As a consequence of the diversity of students, institutions, and organizational structures of academic advising, there are gaps in planning and organizing academic advising on many campuses. If gaps are discovered, they are easy to address. However, identifying these gaps is not an easy task, let alone bridging them.
Another gap in programming for advising is the block in the flow of information from different campus constituencies to academic advising. Academic advising programs are known as referral hubs to institutional resources. It is the role of academic advisors to connect students to resources and update them about changes such as adjustments to study plans or degree requirements. It is also part of their role to interpret some of the institutional policies and procedures for students and help them navigate the complexity of higher education. If there are changes in institutional policies and regulations, advisors should be updated in a timely fashion. However, many academic advising programs are not serving their mission as referral hubs, because advisors’ role in referring to institutional resources and interpreting policies is not defined. This in turn results in a blockage of information. It is important to define advisors’ scope of duties and highlight their roles as referral hubs as this is expected to improve the flow of information. Most of the time, if the advisors are not well-informed, the students aren’t.
The lack of consistency in student to advisor ratio or caseload is another common gap; for instance, there is no limit to the number of students that faculty can advise. Therefore, faculty might be burdened with many responsibilities in addition to their major role in research and teaching. Not only this, but in order to carry their role as academic advisors, faculty should receive support or professional development that is geared toward their role as faculty advisors. The lack of this support could hinder their role as advisors.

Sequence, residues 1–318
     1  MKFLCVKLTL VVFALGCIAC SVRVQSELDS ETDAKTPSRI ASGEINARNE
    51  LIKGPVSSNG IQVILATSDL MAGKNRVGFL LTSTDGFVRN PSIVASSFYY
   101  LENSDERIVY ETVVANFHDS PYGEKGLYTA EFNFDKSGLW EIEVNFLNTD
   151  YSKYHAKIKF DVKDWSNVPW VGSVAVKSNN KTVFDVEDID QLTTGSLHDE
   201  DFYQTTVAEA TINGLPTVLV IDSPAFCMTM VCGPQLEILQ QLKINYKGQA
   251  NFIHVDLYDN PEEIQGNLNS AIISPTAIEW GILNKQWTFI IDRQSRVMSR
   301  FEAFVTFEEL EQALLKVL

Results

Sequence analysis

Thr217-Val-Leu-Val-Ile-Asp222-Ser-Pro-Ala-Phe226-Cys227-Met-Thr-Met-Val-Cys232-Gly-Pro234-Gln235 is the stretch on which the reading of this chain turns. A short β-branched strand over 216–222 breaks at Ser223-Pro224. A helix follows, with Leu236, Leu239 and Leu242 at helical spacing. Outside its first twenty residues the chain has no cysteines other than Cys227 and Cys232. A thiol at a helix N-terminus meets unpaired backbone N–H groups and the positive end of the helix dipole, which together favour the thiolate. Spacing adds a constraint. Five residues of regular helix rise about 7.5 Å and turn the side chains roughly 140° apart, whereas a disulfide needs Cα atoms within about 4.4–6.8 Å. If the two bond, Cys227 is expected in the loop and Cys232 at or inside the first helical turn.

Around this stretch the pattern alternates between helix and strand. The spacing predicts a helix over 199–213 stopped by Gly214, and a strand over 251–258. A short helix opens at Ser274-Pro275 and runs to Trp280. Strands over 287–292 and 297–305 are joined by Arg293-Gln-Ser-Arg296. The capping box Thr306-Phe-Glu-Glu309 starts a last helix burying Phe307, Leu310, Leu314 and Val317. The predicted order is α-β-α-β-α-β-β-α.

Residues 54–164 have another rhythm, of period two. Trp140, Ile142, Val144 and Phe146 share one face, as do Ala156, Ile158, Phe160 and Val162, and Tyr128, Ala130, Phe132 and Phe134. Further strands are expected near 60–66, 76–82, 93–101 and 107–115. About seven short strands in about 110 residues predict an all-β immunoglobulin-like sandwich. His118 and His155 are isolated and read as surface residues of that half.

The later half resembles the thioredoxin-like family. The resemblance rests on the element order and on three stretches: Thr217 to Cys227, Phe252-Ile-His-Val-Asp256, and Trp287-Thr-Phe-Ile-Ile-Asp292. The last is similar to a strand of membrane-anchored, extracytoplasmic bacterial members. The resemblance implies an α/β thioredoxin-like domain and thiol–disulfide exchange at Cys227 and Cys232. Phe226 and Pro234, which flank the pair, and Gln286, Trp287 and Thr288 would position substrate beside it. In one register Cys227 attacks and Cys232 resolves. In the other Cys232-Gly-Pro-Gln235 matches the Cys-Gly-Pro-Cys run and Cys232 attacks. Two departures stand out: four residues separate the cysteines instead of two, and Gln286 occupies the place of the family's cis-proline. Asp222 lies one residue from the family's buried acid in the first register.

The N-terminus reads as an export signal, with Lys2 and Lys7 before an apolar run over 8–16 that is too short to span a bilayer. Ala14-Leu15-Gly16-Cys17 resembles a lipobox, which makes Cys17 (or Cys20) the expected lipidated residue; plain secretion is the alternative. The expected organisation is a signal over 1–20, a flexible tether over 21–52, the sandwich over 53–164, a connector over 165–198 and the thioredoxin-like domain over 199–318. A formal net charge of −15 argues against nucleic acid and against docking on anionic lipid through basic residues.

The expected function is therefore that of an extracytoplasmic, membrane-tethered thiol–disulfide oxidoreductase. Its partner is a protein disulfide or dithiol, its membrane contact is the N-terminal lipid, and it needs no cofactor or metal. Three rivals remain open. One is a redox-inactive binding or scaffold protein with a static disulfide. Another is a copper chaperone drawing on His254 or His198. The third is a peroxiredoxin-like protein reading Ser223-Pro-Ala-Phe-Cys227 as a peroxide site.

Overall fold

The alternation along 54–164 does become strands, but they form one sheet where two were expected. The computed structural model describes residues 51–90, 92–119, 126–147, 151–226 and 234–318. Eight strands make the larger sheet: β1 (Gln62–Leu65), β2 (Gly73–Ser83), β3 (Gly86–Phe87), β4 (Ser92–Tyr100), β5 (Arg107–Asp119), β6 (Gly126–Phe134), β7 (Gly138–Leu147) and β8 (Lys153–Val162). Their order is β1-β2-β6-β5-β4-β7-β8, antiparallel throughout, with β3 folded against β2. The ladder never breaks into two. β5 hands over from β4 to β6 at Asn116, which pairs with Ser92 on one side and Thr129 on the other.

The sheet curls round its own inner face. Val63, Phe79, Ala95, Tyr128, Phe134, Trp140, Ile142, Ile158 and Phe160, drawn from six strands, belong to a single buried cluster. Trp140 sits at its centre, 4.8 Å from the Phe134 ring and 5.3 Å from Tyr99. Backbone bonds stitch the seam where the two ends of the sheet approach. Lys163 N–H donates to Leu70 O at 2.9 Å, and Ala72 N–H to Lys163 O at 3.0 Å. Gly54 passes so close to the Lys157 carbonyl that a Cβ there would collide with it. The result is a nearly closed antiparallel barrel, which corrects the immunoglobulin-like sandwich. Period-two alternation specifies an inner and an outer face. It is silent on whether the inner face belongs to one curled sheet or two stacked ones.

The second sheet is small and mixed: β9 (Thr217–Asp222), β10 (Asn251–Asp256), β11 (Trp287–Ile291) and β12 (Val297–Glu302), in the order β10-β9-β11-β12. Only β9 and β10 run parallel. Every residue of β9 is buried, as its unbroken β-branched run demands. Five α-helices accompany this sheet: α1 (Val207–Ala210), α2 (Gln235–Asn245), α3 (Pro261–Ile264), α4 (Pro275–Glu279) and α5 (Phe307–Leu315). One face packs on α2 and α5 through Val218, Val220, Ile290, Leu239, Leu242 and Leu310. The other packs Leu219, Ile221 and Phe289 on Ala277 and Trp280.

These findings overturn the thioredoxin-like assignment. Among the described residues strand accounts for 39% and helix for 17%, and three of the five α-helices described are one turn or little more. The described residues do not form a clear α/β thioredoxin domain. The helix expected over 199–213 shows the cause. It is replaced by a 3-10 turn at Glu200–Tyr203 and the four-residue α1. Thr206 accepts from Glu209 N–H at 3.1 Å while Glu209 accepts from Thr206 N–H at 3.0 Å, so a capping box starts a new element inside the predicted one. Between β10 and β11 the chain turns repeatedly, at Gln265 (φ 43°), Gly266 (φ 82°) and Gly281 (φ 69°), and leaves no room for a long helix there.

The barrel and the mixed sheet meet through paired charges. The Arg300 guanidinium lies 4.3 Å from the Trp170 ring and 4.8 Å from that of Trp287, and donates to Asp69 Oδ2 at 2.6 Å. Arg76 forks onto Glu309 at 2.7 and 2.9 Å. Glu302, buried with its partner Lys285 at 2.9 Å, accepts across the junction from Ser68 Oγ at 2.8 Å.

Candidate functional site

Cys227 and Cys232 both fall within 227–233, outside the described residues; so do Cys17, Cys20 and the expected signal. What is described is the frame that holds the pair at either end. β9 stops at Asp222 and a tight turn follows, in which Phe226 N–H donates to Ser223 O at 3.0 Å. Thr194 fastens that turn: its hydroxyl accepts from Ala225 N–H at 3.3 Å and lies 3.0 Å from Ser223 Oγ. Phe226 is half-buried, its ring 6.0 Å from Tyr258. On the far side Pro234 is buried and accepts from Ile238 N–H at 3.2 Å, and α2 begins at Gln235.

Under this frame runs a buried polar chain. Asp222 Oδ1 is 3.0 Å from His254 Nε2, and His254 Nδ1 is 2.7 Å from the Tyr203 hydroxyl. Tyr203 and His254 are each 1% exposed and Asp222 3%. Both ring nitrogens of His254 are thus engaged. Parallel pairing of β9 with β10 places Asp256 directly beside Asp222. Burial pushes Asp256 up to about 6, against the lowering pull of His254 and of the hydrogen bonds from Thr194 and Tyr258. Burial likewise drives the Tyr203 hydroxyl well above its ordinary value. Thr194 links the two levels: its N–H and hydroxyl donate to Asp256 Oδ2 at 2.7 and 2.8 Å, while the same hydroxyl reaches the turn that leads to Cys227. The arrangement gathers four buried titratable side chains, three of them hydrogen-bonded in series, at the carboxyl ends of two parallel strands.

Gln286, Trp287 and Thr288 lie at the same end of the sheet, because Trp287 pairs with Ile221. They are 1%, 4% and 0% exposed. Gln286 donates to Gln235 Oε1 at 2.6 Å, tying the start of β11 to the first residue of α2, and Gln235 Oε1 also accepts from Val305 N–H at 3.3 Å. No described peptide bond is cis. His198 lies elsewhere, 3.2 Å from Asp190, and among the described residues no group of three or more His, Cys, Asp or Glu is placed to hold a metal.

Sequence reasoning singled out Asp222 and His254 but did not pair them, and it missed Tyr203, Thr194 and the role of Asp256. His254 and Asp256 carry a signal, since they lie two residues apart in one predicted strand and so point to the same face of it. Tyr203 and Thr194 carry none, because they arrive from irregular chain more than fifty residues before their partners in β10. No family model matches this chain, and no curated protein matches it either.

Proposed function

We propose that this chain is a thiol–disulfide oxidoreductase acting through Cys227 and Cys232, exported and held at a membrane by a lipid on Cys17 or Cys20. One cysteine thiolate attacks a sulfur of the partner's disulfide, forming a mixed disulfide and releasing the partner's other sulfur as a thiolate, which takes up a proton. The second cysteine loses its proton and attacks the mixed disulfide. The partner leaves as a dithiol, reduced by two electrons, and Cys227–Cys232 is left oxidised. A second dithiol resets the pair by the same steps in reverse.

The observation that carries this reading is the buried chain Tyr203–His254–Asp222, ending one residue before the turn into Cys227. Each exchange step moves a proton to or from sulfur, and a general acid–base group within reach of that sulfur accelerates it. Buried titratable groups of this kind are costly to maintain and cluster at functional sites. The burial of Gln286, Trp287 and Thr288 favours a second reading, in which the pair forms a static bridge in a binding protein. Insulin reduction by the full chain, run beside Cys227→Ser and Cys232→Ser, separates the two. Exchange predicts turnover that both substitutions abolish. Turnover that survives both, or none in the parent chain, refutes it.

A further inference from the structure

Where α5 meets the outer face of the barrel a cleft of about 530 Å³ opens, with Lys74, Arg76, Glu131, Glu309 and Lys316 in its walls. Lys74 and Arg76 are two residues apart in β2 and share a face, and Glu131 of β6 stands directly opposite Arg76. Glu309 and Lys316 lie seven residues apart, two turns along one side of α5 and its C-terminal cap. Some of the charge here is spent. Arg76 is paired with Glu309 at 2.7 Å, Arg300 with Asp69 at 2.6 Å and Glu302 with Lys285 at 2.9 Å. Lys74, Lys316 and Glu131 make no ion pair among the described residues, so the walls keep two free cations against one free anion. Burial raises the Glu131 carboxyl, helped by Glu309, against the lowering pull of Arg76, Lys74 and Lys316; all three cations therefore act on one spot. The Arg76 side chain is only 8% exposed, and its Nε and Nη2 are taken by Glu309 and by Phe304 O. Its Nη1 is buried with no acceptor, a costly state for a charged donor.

The discussion panel also identified some of the common gaps of practice of academic advising in different institutions across the world such as those in the Middle East and North Africa. One of the most common gaps in this part of the world is students and administration considering the advisors’ main function to be helping students register for courses. Some administrators and students might mistakenly assume that advisors’ main duty is to tell students what courses to register for. Certainly the main duty of an advisor is to help and empower students to think about the course selection process differently and to make decisions rather than dictate the courses that the students register for.
Another common gap in this region is using only one type of provider, such as faculty, whereas there are many types of providers (especially in large public institutions), such as full time, paraprofessional, and peer advisors. Also, in some institutions, full time academic advisors do not receive proper training to carry their duties; their role is defined more as a clerical staff. Rather than spending time with students in educational planning, they spend their time fulfilling office duties which may limit their role as student development and success specialists.